Figure 11
Figure 11
(A) The microelectrode message spread over the world. In Europe Weidmann and Coraboeuf learned the technique during their stay in Cambridge, via A. Hodgkin. Their first recordings were probably too hasty and did not show an overshoot (Coraboeuf and Weidmann 1949a,b). (B) The wrong message was corrected 2 weeks later, showing a strong and beautiful overshoot (Coraboeuf and Weidmann 1949a,b). Reproduced with permission. (C) Photograph of Coraboeuf reproduced with permission from (Escande 1999); (D) photograph of Weidmann, courtesy of Ruth Weidmann.
Figure 12
Figure 12
(A) Impedance changes during the course of the Purkinje action potential. Injection of short hyperpolarizing pulses. Voltage calibration in steps of 10 mV. Duration of the flyback of sweep cycle approximately 12 msec (Weidmann 1951a). (B) Membrane reversal and resting potential as a function of percentage normal sodium (Draper and Weidmann 1951).(C) Relationship between “clamp” potential and maximal rate of rise of action potential. Open circles: Tyrode solution, crosses: 25% normal sodium, full circles after changing back to normal.(Weidmann 1955a). With permission.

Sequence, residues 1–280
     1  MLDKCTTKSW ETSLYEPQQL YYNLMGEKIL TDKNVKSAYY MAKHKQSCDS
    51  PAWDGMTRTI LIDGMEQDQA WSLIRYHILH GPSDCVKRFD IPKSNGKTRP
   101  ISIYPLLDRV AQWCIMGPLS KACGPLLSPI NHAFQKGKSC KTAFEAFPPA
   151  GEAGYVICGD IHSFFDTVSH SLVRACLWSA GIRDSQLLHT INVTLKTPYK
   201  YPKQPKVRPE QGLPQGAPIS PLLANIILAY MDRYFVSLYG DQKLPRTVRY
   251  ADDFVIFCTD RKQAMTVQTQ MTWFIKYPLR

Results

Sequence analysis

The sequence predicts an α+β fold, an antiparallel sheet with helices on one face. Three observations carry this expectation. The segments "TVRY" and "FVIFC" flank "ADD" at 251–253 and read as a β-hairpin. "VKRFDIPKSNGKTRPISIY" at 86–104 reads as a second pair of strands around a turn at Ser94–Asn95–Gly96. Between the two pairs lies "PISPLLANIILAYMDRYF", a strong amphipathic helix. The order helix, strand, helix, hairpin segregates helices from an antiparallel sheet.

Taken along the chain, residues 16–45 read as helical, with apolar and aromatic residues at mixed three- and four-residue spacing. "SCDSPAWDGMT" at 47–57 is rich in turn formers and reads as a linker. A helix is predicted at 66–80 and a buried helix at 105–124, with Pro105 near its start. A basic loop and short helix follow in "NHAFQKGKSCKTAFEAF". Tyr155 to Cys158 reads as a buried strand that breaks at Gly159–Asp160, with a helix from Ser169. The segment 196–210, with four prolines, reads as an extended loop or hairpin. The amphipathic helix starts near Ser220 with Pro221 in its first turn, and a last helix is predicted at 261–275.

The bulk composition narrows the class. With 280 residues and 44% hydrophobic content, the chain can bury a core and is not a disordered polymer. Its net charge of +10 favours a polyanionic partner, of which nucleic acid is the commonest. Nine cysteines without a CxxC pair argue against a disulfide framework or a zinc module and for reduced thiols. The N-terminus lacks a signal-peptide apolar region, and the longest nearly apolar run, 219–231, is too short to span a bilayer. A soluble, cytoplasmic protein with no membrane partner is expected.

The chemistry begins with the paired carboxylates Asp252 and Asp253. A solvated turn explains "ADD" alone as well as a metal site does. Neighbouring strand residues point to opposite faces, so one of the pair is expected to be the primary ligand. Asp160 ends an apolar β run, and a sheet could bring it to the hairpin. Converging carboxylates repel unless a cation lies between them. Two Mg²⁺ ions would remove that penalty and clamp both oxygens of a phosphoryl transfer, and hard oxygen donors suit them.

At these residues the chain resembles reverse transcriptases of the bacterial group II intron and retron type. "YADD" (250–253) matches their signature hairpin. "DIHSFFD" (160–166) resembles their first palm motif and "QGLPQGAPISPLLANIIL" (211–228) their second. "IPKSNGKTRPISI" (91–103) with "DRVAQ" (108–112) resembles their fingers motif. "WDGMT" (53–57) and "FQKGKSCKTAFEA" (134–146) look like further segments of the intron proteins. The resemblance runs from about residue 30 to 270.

Figure 13
Figure 13
(A) Dependence of action potential amplitude on external sodium concentration in frog ventricle. From right to left: 100, 75, 50, and 25% of normal. The slope of the relationship between overshoot and change in external sodium was only 17.3 mV for a tenfold change (Niedergerke and Orkand 1966a). (B) Effect of change in external calcium concentration: from left to right, 0.3, 1, 3, and 5 mmol/L Ca2 + ‐Ringer (Niedergerke and Orkand 1966b). (C) Action potential recorded in calf Purkinje fibers, presence of adrenaline (5.5 × 10−6 mol/L). The sodium current was progressively blocked with increasing doses of TTX. (a): control, (b): 3 × 10−8, (c): 3 × 10−7, (d) and (e): 3 × 10−6 mol/L. (Carmeliet and Vereecke 1969). (D): Action potentials in chloride Tyrode are compared with action potentials in acetylglycinate and nitrate solutions (Carmeliet 1961a). With permission.